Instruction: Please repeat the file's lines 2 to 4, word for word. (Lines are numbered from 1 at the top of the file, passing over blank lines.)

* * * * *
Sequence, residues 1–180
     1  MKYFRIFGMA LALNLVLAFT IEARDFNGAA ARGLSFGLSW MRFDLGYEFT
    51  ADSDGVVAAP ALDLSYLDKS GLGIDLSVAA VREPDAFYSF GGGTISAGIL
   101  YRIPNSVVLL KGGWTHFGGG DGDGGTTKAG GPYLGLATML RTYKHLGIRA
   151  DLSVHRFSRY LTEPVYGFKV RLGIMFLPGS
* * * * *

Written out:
     1  MKYFRIFGMA LALNLVLAFT IEARDFNGAA ARGLSFGLSW MRFDLGYEFT
    51  ADSDGVVAAP ALDLSYLDKS GLGIDLSVAA VREPDAFYSF GGGTISAGIL
   101  YRIPNSVVLL KGGWTHFGGG DGDGGTTKAG GPYLGLATML RTYKHLGIRA